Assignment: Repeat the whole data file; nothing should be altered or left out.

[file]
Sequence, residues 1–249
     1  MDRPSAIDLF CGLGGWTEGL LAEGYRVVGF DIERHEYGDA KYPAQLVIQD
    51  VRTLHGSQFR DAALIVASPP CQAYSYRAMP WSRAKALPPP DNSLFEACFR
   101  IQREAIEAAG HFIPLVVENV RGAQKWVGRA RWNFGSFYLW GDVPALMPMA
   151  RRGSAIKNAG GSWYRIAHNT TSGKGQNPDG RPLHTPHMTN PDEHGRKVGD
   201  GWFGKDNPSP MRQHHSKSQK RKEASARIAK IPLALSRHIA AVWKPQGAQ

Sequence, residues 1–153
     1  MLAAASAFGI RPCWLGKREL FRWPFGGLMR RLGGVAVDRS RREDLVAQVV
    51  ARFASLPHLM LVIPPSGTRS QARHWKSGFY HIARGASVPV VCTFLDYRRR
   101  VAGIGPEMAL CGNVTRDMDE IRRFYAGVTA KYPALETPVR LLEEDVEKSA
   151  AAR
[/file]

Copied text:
Sequence, residues 1–249
     1  MDRPSAIDLF CGLGGWTEGL LAEGYRVVGF DIERHEYGDA KYPAQLVIQD
    51  VRTLHGSQFR DAALIVASPP CQAYSYRAMP WSRAKALPPP DNSLFEACFR
   101  IQREAIEAAG HFIPLVVENV RGAQKWVGRA RWNFGSFYLW GDVPALMPMA
   151  RRGSAIKNAG GSWYRIAHNT TSGKGQNPDG RPLHTPHMTN PDEHGRKVGD
   201  GWFGKDNPSP MRQHHSKSQK RKEASARIAK IPLALSRHIA AVWKPQGAQ

Sequence, residues 1–153
     1  MLAAASAFGI RPCWLGKREL FRWPFGGLMR RLGGVAVDRS RREDLVAQVV
    51  ARFASLPHLM LVIPPSGTRS QARHWKSGFY HIARGASVPV VCTFLDYRRR
   101  VAGIGPEMAL CGNVTRDMDE IRRFYAGVTA KYPALETPVR LLEEDVEKSA
   151  AAR